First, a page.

New targeted research could offer alternative treatment for Acute Myeloid Leukaemia

Michael_ParkerACRF-funded research teams across Australia have collaborated to develop a remarkable new treatment option for Acute Myeloid Leukaemia (AML) and accelerate it into clinical trials.

AML is a particularly aggressive form of cancer with poor survival rates; although chemotherapy can induce remission there is often a high chance of relapse. However, this new research, published in major international journal Cell Reports, details how a newly developed therapeutic antibody (CSL362) binds to the cancer cells and then recruits the body’s immune system to kill the cancer cells.

Collaboration between the ACRF-funded Centre for Cancer Biology, Adelaide and St Vincent’s Institute of Medical Research, Melbourne, together with biopharmaceutical company CSL Limited has brought about these important findings.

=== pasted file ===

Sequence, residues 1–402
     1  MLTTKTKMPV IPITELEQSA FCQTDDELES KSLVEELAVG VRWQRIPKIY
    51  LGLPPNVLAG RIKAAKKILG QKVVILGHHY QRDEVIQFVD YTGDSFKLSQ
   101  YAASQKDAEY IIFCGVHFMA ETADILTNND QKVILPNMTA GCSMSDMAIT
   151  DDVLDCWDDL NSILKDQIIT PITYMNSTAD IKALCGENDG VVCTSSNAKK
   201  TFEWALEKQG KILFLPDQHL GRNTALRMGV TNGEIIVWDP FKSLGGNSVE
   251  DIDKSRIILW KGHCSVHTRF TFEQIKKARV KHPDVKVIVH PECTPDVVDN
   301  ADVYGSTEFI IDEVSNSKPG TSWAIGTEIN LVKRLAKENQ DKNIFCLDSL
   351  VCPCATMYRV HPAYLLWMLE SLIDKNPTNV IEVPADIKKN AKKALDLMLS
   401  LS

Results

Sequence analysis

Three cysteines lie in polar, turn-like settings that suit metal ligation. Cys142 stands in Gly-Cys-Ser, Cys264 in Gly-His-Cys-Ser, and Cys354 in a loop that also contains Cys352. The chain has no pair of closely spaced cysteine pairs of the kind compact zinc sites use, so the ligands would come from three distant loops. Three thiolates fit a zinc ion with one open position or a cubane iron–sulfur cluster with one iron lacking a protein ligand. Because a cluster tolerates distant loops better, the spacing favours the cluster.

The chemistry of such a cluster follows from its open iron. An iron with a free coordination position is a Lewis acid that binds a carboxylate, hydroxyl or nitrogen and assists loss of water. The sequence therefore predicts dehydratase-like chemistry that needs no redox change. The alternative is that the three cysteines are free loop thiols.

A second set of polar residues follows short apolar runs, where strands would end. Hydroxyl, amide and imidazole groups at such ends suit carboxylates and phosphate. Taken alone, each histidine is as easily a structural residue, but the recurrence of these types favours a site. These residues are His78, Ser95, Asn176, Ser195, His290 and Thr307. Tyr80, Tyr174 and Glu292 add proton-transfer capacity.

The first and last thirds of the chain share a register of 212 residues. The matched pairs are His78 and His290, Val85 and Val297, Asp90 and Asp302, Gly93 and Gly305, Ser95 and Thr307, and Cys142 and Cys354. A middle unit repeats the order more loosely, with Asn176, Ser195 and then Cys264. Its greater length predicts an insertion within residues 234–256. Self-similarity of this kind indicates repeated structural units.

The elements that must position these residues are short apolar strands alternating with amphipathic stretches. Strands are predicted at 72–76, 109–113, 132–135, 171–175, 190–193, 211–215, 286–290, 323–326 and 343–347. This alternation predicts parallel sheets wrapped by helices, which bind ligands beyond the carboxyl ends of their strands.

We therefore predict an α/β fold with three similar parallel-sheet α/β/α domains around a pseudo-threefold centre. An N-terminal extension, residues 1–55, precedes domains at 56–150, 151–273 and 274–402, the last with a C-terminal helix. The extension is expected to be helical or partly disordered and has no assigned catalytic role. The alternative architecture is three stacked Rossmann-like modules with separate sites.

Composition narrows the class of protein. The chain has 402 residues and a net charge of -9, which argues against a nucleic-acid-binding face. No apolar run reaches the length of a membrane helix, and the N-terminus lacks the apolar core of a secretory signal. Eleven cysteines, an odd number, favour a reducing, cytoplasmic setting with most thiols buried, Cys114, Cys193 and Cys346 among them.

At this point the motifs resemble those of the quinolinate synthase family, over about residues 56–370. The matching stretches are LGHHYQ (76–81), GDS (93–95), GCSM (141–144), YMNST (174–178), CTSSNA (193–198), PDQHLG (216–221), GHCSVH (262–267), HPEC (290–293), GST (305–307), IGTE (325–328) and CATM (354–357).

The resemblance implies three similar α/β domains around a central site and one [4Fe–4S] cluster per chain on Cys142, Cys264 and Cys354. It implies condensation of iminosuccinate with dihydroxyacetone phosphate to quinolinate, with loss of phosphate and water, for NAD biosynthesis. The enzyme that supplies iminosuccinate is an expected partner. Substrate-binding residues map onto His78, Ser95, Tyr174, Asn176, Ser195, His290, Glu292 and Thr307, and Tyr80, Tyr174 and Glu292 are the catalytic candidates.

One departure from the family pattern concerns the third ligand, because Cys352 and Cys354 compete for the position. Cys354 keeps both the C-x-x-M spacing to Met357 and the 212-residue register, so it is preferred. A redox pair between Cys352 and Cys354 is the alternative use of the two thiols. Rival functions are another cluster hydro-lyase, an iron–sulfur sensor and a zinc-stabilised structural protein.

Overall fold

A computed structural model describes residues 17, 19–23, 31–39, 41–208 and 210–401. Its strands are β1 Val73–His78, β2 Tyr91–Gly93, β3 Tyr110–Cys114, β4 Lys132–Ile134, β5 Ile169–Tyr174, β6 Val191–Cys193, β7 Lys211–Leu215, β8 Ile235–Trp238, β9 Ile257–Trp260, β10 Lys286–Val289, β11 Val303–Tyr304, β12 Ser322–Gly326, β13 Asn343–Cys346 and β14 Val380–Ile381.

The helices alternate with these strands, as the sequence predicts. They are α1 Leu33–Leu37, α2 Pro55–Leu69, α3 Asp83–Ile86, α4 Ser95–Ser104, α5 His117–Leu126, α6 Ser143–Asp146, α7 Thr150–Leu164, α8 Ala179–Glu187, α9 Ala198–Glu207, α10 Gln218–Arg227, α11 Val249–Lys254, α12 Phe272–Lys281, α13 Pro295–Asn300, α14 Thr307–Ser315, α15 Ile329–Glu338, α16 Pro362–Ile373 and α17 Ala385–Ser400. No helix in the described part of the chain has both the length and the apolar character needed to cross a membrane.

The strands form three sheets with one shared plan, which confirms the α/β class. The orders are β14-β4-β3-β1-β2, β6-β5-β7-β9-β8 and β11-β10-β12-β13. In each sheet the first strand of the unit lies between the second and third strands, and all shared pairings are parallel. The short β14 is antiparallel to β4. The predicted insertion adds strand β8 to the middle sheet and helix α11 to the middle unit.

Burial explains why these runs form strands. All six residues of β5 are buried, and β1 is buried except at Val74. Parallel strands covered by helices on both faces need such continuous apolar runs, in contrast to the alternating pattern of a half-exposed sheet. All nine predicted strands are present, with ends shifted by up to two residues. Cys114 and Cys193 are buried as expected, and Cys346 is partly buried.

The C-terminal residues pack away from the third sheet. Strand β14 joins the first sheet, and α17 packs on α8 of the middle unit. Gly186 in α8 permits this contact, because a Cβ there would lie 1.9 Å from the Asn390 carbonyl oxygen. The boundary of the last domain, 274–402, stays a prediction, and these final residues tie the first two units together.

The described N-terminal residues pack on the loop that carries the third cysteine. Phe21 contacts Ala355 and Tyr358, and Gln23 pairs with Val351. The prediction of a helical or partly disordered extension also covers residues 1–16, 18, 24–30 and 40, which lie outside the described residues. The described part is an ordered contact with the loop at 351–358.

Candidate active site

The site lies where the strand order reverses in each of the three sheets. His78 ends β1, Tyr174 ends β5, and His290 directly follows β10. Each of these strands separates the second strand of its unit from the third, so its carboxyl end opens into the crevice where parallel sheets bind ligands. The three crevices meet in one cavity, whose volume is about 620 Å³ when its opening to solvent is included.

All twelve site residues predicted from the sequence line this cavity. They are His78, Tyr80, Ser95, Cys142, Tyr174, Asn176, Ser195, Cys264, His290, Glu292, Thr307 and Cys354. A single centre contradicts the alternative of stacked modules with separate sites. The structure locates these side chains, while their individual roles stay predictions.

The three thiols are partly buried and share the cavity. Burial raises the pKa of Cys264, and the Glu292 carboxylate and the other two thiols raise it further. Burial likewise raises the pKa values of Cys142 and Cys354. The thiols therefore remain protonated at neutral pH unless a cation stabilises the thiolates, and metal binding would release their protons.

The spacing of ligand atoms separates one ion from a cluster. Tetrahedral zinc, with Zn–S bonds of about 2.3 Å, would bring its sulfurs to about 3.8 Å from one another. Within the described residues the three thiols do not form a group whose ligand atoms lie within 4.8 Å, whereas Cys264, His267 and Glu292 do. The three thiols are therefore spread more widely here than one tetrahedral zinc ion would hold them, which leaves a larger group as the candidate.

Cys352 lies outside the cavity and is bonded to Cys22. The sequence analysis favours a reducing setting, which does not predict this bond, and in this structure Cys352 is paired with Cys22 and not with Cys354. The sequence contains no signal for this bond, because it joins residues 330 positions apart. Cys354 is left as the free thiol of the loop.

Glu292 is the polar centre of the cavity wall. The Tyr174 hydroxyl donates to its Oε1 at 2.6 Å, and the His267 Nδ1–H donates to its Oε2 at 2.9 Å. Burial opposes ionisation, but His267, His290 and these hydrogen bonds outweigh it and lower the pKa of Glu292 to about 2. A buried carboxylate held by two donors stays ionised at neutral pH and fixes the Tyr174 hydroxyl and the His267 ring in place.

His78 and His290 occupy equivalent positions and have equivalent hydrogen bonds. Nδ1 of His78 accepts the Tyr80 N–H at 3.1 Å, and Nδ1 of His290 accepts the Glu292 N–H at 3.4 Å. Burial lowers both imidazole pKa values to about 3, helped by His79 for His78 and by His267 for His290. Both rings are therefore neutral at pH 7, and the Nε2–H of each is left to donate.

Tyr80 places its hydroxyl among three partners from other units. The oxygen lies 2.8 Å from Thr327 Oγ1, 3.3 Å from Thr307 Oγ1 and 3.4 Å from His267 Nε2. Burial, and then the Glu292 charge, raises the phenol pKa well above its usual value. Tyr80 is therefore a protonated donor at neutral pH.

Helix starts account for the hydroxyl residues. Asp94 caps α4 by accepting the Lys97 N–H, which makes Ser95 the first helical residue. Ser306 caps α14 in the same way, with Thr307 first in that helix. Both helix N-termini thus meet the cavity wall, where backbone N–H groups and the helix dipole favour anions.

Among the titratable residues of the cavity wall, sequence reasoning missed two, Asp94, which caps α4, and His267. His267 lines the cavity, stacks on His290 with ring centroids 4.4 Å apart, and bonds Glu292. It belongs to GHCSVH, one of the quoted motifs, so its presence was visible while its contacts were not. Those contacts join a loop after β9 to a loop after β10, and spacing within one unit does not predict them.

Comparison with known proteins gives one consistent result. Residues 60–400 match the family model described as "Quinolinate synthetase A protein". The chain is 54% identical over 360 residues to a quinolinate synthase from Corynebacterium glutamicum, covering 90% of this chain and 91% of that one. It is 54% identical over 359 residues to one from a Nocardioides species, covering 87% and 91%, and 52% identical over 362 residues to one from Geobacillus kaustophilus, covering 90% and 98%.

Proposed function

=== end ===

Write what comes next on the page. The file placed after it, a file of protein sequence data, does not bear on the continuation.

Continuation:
Most importantly, the research demonstrates how targeted therapy can help the immune system kill cancer cells, potentially extending the lives of patients and causing fewer side effects than other treatments.

“It is an exciting time as we move away from conventional method to more targeted, personalised medicine… one that leads to fewer side effects and more effective treatments,” said CCB Co-Director Professor Angel Lopez.

“With clinical trials now underway, the article highlights the importance of fundamental research and the benefits of close collaboration between cancer researchers and the pharmaceutical industry.”

The full article, “Dual mechanism of interluken-3 receptor blockade by an anti-cancer antibody”, can be found here.